Navigating the Storm: Concerned and Constrained in a cost-of-living crisis

  1. We’re all wearing purple now. Why we’re focusing more on how we feel than how we look in a post-pandemic world.
  2. It doesn’t matter if you fall down, it’s whether you get back up – just ask Michael Jordan, or a Striver.
  3. Adapter, Thriver or Survivor – three different shifts in ambitions and values as a result of Covid-19
  4. How brands can help consumers navigate their changing ambitions and values
  5. Navigating the Storm: Values and ambitions in a post-pandemic world
  6. Navigating the Storm: Concerned and Constrained in a cost-of-living crisis
  7. Navigating the Storm: Prioritising spending with a frugal mindset

I’m worried about what the rising cost of living means for me…
and I’m worried about what the rising cost of living means for society…
and I’m trying to keep my monthly financial commitments down…
and I’m more careful with my spending than ever before…
and I have less disposable income now vs 12 months ago.

If this is you, you’re not alone, in our recent research into our values and ambitions post-pandemic, 1 in 2 people agreed with all of these statements.

Meet the Concerned and Constrained

We’re calling the 1 in 2 who agreed to all the statements above Concerned and Constrained. This group are representative of the total population in terms of income, employment and household composition, demonstrating that while the tangible effects of the cost-of-living crisis are most keenly felt by those on lower incomes, the mental burden is more widespread. The two segments that have undergone the biggest changes to their values and ambitions during the pandemic, Strivers and Adapters, are the most likely to be Concerned and Constrained (63% of Strivers and 66% of Adapters, compared to 49% of all adults), suggesting those who have experienced the most change already are the most mindful of further changes to come (to find out more about all our segments, take a look at our Wave 1 intro to this research).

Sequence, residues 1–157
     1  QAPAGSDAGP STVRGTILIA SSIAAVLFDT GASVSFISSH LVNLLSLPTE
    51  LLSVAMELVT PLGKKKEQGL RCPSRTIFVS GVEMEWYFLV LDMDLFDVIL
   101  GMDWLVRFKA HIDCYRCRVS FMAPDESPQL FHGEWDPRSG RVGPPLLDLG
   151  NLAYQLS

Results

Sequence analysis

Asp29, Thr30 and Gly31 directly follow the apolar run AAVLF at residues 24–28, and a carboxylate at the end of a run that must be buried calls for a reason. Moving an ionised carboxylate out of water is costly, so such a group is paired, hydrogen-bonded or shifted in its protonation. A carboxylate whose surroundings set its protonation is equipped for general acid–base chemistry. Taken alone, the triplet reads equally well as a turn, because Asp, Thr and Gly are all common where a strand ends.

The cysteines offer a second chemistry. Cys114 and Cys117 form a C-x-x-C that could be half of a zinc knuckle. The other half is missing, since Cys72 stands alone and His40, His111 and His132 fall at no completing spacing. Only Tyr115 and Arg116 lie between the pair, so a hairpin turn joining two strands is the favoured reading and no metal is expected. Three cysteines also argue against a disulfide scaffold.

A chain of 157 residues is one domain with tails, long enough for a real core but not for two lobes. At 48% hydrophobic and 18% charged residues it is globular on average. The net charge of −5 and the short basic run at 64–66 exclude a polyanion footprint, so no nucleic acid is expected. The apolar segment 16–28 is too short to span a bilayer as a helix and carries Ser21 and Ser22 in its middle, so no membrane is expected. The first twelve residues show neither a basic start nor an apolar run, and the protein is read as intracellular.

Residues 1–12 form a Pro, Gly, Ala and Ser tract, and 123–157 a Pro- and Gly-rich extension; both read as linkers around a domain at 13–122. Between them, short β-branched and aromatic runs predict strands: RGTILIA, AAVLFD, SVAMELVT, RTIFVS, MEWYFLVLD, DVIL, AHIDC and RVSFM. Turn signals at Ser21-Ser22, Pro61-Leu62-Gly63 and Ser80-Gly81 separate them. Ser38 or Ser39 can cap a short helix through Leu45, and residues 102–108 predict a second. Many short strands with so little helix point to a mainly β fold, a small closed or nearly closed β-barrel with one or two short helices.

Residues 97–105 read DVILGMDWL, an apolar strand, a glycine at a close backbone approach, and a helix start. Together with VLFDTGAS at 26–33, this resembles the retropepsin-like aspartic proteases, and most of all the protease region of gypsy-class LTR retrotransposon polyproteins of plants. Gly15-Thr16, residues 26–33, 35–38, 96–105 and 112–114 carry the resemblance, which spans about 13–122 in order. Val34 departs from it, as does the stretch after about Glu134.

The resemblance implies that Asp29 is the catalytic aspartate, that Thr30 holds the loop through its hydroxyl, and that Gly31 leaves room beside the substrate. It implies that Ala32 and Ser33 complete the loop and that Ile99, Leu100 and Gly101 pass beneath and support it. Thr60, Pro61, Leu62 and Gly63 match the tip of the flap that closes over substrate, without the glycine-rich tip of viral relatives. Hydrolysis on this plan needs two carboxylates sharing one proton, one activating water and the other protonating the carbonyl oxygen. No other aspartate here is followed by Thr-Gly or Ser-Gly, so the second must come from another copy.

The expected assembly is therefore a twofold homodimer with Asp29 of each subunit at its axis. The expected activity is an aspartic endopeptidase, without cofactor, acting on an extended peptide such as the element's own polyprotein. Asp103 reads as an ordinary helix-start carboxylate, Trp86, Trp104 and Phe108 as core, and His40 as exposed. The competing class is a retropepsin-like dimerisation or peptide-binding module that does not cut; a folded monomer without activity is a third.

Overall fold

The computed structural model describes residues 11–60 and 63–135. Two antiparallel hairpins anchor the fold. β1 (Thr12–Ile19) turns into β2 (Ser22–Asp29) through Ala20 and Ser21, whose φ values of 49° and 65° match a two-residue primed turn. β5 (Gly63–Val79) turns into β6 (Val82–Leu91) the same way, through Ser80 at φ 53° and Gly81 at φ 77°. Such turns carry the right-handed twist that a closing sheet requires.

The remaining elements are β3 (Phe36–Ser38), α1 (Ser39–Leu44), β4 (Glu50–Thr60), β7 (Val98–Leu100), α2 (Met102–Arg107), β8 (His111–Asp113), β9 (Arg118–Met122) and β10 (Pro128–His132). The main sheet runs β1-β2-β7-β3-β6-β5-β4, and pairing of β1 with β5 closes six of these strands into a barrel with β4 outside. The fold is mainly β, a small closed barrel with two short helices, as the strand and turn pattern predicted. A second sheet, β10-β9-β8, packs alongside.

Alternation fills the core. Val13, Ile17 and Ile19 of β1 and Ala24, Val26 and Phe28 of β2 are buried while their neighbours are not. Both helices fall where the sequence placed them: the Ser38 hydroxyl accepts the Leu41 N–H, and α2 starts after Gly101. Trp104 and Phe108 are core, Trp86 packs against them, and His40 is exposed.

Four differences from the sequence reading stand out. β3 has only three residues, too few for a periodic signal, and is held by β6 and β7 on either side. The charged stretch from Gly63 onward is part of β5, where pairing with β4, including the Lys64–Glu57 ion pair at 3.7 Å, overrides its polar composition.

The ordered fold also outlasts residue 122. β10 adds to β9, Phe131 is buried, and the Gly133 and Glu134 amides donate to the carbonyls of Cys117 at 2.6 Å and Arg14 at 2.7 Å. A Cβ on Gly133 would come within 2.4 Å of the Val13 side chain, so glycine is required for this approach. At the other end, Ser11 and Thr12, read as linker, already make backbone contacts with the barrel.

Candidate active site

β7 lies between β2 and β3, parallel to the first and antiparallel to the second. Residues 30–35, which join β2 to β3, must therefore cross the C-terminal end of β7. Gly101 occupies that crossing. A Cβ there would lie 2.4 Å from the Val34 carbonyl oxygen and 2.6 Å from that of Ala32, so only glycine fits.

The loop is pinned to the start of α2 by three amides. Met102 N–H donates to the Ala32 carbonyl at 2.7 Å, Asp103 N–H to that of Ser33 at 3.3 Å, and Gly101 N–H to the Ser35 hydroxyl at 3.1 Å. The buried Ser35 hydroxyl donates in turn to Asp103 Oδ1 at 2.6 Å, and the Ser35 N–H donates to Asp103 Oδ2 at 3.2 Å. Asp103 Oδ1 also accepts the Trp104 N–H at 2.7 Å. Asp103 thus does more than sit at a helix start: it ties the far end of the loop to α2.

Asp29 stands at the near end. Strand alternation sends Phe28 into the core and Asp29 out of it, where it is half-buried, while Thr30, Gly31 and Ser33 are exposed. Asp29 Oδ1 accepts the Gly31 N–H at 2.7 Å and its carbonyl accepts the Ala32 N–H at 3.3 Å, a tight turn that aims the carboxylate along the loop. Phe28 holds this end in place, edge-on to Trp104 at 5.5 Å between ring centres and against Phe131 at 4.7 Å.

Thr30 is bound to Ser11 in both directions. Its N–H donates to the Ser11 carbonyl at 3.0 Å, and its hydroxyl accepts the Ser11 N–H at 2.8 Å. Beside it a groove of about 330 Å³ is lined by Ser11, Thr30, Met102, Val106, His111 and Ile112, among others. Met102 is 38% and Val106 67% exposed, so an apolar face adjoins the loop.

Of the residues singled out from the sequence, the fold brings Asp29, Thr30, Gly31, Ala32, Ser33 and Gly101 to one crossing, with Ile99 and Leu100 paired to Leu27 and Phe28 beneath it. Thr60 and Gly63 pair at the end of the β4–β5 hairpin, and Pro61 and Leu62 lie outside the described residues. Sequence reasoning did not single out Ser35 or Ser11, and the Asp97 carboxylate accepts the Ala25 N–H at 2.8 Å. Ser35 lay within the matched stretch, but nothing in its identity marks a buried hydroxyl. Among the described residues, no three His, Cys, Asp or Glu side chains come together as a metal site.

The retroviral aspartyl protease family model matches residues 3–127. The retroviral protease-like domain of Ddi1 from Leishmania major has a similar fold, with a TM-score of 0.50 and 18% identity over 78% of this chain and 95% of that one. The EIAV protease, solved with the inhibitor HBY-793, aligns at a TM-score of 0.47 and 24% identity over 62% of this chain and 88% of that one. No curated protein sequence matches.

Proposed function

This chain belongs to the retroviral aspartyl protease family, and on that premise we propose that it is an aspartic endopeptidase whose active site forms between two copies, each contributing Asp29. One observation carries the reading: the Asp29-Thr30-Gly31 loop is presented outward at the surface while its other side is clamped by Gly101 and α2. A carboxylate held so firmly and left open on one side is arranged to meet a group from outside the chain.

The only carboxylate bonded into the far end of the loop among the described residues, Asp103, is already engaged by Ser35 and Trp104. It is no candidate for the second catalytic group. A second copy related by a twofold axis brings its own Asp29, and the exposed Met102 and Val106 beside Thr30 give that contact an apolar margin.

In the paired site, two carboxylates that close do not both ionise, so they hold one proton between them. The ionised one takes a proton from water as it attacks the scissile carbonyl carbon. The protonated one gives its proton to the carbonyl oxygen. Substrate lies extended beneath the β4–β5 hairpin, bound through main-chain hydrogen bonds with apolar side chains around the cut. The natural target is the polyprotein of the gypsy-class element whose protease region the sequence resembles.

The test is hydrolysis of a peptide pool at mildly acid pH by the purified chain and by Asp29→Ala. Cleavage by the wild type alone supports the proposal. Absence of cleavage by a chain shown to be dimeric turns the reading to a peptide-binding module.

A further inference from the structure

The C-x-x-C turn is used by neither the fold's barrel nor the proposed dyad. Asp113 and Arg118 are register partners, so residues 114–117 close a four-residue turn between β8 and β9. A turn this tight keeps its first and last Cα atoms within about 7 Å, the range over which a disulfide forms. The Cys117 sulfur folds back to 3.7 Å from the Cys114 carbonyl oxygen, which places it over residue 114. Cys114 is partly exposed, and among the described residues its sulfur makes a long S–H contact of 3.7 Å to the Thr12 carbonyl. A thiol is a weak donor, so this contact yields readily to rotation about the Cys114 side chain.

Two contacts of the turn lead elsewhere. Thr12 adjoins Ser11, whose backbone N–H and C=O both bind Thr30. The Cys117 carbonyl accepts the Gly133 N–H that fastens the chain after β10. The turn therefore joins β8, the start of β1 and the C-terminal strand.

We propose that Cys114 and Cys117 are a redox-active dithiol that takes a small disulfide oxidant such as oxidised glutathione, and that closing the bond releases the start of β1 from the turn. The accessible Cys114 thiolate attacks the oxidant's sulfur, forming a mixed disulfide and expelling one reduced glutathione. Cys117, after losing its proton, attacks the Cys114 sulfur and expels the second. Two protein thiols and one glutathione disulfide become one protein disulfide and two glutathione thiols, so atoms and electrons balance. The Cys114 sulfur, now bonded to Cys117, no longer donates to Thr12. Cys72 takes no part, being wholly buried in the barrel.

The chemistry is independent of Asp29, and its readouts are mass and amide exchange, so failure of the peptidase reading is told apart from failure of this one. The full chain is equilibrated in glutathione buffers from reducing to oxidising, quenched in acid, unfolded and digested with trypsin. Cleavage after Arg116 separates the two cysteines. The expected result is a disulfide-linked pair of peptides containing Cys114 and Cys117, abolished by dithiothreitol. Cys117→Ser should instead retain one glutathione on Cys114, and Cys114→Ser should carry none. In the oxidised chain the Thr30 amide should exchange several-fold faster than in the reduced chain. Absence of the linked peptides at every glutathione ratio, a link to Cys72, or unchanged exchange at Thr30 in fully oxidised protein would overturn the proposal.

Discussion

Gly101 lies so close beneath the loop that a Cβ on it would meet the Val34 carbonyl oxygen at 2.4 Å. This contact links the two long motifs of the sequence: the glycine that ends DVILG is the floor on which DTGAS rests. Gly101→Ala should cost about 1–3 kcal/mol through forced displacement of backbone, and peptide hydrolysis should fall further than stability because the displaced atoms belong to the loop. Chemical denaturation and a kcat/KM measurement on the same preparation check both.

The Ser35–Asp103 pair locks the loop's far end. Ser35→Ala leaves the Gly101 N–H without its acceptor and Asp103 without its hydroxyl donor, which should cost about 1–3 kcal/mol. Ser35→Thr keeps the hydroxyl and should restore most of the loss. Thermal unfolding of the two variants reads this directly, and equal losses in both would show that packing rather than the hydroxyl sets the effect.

And our spending behaviour is of course being shaped by the current economic climate, with this especially so for the Concerned and Constrained. In Wave 1 61% agreed ‘I am more careful how I spend my money since the Coronavirus pandemic’; this has risen to 70% in Wave 2, and jumps to 85% of the Concerned and Constrained. This focus on frugality is translating to more considered spending decisions and less brand loyalty, with 8 in 10 adults and 9 in 10 of the Concerned and Constrained spending more time shopping around for deals, 7 in 10 adults and 8 in 10 of the Concerned and Constrained regularly switching to save money, and 6 in 10 adults and 8 in 10 of the Concerned and Constrained delaying big ticket purchases.

Staying sticky and the lipstick effect